Sequestration and So-Called “March Madness”
The Pentagon issued a “28 Star Letter” to members of Congress in early January that was signed by all seven members of the Joint Chiefs of Staff. All of these officers, representing all of the services and National Guard, have attained the rank of four-star general and they expressed their concern about the impact that the continuing resolution and sequestration will have on military readiness if it is implemented on March 1. All of the service chiefs and the chairman have also repeatedly made this point individually in various policy forums for many months.
For example, Chief of Naval Operations Admiral Jon Greenert released specific details of how the Navy is reducing operational spending to comply with the constraints of the ongoing continuing resolution (CR) and imminent sequester. He pointed out that the Navy is currently on pace to spend $49 billion in FY 2013 for operations and maintenance (O&M) funds on flight hours, steaming days, civilian personnel pay, and maintenance for ships and aircraft. Because of the terms of the CR that is currently funding the government, the Navy has already begun to reduce that level of spending for the rest of the year by $4.6 billion. The CR language also requires the deferral of $1.7 billion in planned spending on new programs until an appropriations bill is passed. If sequester is implemented on March 1, as now seems probable, the Navy will reduce spending a further $4 billion.
This would have a significant negative impact on many defense industries and the economy as a whole. Companies deriving significant income from Navy O&M will see reductions in planned payments from the Navy regardless of whether or not sequester goes into effect on March 1. Congress must replace the current CR with an appropriations bill by March 27 to reverse these cuts.
If sequester goes into effect on March 1, cuts to Navy O&M will have greater immediate operational impact in terms of curtailing current and future deployments. Actions taken to comply with FY 2013 sequestration will result in only one carrier and one Marine amphibious ready group deployed, and it will be in the Pacific. Even if funding is restored in the fall, it will take nine months to recover and get second and third groups deployed. Many believe this consequence alone makes it virtually certain that sequestration cuts, should they initially occur on March 1, will be mitigated and mostly restored by May.
If this happens it could actually cost the Navy more money in the long term. Those companies dependent on O&M funding for ship maintenance are bound to take losses in the near term and their subsequent prices will reflect this. However, these dips could present buy opportunities when the work finally is done. The Navy estimates that delaying ship maintenance two years results in the Navy paying 2.6 times for the same work when the maintenance finally is performed.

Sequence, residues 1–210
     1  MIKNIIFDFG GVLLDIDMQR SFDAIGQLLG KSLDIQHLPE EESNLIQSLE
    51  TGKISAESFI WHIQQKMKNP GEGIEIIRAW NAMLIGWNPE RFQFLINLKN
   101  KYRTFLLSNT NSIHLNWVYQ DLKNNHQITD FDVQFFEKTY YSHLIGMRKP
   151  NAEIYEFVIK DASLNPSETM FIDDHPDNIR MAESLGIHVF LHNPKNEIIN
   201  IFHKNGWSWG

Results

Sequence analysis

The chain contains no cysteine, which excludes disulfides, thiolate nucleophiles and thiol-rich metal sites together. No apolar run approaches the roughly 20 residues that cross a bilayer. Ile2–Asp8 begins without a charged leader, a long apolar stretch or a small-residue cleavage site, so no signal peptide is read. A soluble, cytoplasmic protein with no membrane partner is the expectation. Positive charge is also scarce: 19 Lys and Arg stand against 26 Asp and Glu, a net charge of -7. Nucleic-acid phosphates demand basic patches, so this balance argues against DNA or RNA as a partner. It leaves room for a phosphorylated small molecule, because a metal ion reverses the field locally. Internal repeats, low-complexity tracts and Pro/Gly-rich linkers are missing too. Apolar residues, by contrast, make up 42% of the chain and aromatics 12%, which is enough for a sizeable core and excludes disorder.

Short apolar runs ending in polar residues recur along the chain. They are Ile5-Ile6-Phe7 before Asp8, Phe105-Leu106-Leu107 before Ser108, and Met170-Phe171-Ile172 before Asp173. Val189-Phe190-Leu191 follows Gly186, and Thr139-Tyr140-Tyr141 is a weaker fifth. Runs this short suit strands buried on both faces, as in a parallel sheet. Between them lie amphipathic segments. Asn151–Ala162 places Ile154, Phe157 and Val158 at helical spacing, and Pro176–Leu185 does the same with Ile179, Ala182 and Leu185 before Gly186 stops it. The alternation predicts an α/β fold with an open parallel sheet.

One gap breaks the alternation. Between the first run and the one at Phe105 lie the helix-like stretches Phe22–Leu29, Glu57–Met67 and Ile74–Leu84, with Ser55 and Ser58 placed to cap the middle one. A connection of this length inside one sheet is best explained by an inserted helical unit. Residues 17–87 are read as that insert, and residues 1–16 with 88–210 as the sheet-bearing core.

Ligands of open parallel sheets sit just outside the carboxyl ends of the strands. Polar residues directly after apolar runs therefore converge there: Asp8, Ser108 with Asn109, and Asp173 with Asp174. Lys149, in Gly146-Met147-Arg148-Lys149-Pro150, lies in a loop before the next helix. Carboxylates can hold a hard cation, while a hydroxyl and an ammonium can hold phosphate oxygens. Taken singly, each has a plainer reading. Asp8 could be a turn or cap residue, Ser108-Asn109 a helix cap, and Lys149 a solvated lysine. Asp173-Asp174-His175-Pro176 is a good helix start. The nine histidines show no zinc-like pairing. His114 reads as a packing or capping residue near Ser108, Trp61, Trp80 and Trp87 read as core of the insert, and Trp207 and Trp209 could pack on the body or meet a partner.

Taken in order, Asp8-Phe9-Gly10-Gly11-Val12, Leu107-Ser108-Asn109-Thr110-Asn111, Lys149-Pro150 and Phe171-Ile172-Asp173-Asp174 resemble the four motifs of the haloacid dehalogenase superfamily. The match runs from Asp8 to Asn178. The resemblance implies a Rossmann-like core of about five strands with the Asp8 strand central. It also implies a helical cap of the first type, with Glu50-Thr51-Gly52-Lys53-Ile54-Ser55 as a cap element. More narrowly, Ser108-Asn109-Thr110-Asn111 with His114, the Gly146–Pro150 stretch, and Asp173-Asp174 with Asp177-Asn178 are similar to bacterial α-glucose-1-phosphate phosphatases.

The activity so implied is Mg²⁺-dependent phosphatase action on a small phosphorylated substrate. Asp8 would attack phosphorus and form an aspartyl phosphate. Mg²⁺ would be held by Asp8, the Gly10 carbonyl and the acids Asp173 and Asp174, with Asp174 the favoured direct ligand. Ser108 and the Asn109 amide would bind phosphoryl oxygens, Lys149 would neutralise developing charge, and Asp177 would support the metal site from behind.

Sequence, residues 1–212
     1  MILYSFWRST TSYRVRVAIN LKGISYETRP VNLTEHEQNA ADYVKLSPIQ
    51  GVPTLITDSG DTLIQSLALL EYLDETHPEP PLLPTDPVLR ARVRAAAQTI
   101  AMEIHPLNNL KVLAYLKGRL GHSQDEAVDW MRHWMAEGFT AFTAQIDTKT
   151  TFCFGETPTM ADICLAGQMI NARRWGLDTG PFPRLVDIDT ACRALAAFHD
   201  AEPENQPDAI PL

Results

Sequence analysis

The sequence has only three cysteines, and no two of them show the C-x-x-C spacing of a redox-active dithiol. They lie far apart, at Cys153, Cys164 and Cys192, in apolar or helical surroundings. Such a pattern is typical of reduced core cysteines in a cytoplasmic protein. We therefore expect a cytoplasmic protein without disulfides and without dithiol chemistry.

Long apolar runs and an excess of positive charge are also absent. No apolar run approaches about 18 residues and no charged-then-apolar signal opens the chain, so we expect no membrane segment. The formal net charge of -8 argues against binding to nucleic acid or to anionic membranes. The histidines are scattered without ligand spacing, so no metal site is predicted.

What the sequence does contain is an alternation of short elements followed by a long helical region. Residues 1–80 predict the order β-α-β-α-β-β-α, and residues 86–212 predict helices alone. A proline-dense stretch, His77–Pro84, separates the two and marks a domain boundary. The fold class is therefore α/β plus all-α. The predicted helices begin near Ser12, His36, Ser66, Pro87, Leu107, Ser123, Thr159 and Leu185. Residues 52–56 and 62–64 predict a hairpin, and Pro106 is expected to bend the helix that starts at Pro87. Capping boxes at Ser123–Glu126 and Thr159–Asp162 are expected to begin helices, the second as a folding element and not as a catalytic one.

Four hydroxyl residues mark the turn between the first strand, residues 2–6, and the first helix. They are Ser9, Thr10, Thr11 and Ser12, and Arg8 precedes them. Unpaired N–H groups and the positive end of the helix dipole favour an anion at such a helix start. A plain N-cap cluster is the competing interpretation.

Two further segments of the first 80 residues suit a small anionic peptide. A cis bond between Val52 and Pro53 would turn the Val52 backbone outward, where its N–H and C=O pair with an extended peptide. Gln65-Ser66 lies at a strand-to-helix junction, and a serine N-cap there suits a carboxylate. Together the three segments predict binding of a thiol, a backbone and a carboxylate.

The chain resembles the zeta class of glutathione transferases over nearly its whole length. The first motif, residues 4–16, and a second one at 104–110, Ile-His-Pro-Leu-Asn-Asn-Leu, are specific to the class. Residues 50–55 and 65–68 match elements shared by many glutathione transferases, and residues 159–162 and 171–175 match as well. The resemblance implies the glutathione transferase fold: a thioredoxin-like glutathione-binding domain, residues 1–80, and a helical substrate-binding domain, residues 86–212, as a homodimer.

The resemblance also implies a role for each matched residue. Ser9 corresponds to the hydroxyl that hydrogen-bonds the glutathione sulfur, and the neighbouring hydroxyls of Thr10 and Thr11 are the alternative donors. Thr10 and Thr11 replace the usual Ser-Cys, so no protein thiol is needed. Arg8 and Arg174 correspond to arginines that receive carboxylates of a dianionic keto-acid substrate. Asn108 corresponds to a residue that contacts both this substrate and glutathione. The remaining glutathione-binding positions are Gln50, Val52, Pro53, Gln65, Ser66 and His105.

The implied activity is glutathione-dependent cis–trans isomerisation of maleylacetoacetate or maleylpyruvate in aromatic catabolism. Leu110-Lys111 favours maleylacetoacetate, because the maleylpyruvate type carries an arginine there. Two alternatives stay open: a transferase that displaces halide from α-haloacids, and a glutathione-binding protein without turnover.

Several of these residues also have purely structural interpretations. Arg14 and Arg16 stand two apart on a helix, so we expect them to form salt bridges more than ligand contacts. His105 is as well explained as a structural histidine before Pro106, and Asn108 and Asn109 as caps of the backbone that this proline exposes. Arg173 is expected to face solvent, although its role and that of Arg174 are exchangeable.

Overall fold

Still, as the month comes to a close it appears very likely that sequestration will occur. Senior officials, including chairman of the House Budget Committee Congressman Paul Ryan (R-WI) and Senator John Cornyn (R-TX), have already stated that they believe this will occur. Some Republicans have called for delaying the planned spending cuts in defense while increasing cuts in other areas of the federal government. Democrats have called for any cuts to be balanced to some degree at least with increased revenues. The Pentagon has already begun laying off most of its 46,000 temporary and term employees and cutting maintenance on ships and aircraft in an effort to slow spending before nearly $50 billion in new cuts are due to go into effect on March 1.
On January 2, President Obama signed a $633 billion defense bill for next year, despite serious concerns about the limits Congress imposed on his handling of terror suspects and lawmakers’ unwillingness to back the cost-saving retirement of aging ships and aircraft.
President Obama had threatened to veto the measure due to a number of concerns, but relented because he couldn’t pick and choose specific sections. However, in a statement, the president spelled out his concerns about restrictions on his ability to carry out his constitutional duties as commander-in-chief. Specifically, he complained that the bill limited the military’s authority to transfer third-country nationals being held at a detention facility in Parwan, Afghanistan. He also took issue with restrictions on his authority to transfer terror suspects from the U.S. military prison at Guantanamo Bay, Cuba.
“Decisions regarding the disposition of detainees captured on foreign battlefields have traditionally been based upon the judgment of experienced military commanders and national security professionals without unwarranted interference by members of Congress,” President Obama wrote. He said the section of the bill related to detainees in Afghanistan threatened to upend that tradition, and could interfere with a president’s ability, as commander-in-chief, to make time-sensitive determinations about the appropriate disposition of detainees in an active combat theater.
President Obama promised when he took office four years ago to close the prison at Guantanamo, but Congressional opposition from Republicans and some Democrats have prevented him from fulfilling that vow. The law limits his authority to transfer terror suspects to foreign countries or move them to the United States. President Obama has insisted he still believes Guantanamo should be shuttered because operating the facility “weakens our national security by wasting resources, damaging our relationships with key allies, and strengthening our enemies.” The president said his administration will interpret the bill’s provisions, and if they violate the constitutional separation of power, he will implement them in a way to avoid that conflict.
The law puts off the retirement of some ships and aircraft, and President Obama warned that the move could force reductions in the overall size of the military as the Defense Department faces cuts in projected spending. It also included cuts in defense spending that the president and Congressional Republicans agreed to in August 2011, along with the end of the war in Iraq and the drawdown of American forces in Afghanistan.